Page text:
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Posted 02 September 2014 - 07:05 PM

OK, I did some processing on the M27 photos.  These are 13 of 8 second exposures at ISO3200!  There is vignetting, and maybe I'll post a raw stacked image so you can see that.  The field tilt is apparent here with the off focus stars in the corners, but it does show the huge field of view.  I'm waiting for the moon to get above the trees so I can show a shot with the new setup (verses the SN with bad camera mount).  I need to design the camera adapter and order the aluminum.  I don't have a cutoff saw, so I have to order to length, but onlinemetals.com is good for that.

 

Michael

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Edited by Michael Miles, 02 September 2014 - 10:55 PM.


#97 Michael Miles

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Posted 07 September 2014 - 06:24 PM

I've reassembled my tube with the Hyperstar attached.  I took it out to photograph the moon last night, but had to wait for hazy shots in gaps in the clouds.  I aligned the drift of the moon to travel diagonally across the frame.  There seemed to be a focus shift between the edges and the center of the frame.  This wasn't due to mirror flop since the mount was still.  I also shot some stars, and I still have the c-clip stars in the bottom left corner.  At this point, I'm thinking the issue us the camera mount.  I'll rotate it 90 degrees relative to the Hyperstar optics and see if this shifts the problem by 90 degrees.  If it doesn't, I'll try rotating the whole Hyperstar 90 degrees to see if the telescope optics alignment is causing the problem.  However, we've got a couple of rain days, so it's hurry up and wait until then.  I'm actually liking this camera the more I use it.  I think it is actually better for astrophotography than my T1i...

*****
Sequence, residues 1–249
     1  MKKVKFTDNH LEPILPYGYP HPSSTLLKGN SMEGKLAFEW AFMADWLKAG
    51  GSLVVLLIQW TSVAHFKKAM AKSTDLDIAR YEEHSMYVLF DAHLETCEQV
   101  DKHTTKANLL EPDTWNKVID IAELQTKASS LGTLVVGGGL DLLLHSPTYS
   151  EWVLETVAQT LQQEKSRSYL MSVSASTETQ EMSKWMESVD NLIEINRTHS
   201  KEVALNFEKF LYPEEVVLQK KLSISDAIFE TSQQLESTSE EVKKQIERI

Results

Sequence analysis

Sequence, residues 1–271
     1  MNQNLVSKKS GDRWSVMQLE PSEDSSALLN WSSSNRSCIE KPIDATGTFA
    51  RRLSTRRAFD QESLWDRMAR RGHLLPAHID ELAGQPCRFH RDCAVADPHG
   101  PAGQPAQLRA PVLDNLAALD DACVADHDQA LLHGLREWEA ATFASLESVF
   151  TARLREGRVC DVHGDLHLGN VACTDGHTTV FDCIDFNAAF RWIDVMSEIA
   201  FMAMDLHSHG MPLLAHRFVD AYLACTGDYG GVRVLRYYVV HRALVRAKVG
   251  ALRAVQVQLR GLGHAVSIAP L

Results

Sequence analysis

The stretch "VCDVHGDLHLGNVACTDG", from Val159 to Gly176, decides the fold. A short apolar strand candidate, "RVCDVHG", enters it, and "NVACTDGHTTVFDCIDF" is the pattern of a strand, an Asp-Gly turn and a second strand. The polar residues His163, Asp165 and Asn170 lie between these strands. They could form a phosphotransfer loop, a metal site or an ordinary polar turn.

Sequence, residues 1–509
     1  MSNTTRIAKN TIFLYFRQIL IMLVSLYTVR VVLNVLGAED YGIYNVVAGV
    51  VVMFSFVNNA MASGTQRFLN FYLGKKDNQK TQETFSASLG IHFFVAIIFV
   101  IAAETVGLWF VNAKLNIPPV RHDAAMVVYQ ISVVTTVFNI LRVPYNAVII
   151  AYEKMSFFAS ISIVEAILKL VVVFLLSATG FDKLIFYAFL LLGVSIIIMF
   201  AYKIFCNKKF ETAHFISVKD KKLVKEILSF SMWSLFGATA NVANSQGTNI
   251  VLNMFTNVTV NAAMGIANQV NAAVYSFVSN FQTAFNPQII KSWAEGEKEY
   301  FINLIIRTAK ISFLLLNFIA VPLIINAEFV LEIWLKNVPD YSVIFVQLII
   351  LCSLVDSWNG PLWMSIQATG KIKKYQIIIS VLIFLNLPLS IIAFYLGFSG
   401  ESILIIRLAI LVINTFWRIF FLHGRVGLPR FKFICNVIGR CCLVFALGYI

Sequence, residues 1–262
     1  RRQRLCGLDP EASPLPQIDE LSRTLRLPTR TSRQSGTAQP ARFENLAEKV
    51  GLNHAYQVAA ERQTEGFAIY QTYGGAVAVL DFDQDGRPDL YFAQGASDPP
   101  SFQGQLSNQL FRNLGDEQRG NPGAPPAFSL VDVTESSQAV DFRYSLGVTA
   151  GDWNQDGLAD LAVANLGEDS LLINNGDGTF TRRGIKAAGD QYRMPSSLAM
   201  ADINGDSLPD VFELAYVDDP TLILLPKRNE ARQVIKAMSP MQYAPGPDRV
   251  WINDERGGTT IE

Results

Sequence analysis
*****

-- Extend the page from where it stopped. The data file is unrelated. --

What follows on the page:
Gives me a couple more days to think about the new camera adapter design,

 

Michael

 

 

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#98 Michael Miles

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Posted 16 September 2014 - 11:31 PM

Reprocessed crop of M27 above.  I like it despite the enlarged stars.  Stacked from 10 frames of 8 seconds at ISO 3200.

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#99 Michael Miles

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Posted 16 September 2014 - 11:44 PM

And a shot of the moon so you can see the field of view with this setup.  I like that the chromatic aberration seems to be so low.  You can also see that the focus is much better than the old pictures.  Still not as good as it is capable of when I get a machined camera adapter though.  You can maybe also see the effect of clouds at the terminator, so that's affecting the sharpness too.